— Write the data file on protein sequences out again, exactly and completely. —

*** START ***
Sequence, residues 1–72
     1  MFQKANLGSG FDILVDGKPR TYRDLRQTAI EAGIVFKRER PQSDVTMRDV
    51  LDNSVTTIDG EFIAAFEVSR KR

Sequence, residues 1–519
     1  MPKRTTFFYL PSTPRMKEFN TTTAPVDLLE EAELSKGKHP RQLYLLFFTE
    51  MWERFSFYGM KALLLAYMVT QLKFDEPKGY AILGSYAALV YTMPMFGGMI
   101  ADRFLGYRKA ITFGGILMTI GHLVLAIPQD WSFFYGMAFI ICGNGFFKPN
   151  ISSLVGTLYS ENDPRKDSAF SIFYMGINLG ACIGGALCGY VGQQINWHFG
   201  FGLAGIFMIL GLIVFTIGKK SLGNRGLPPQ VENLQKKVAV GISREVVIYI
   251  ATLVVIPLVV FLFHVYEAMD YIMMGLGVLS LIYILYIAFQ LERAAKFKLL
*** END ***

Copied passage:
Sequence, residues 1–72
     1  MFQKANLGSG FDILVDGKPR TYRDLRQTAI EAGIVFKRER PQSDVTMRDV
    51  LDNSVTTIDG EFIAAFEVSR KR

Sequence, residues 1–519
     1  MPKRTTFFYL PSTPRMKEFN TTTAPVDLLE EAELSKGKHP RQLYLLFFTE
    51  MWERFSFYGM KALLLAYMVT QLKFDEPKGY AILGSYAALV YTMPMFGGMI
   101  ADRFLGYRKA ITFGGILMTI GHLVLAIPQD WSFFYGMAFI ICGNGFFKPN
   151  ISSLVGTLYS ENDPRKDSAF SIFYMGINLG ACIGGALCGY VGQQINWHFG
   201  FGLAGIFMIL GLIVFTIGKK SLGNRGLPPQ VENLQKKVAV GISREVVIYI
   251  ATLVVIPLVV FLFHVYEAMD YIMMGLGVLS LIYILYIAFQ LERAAKFKLL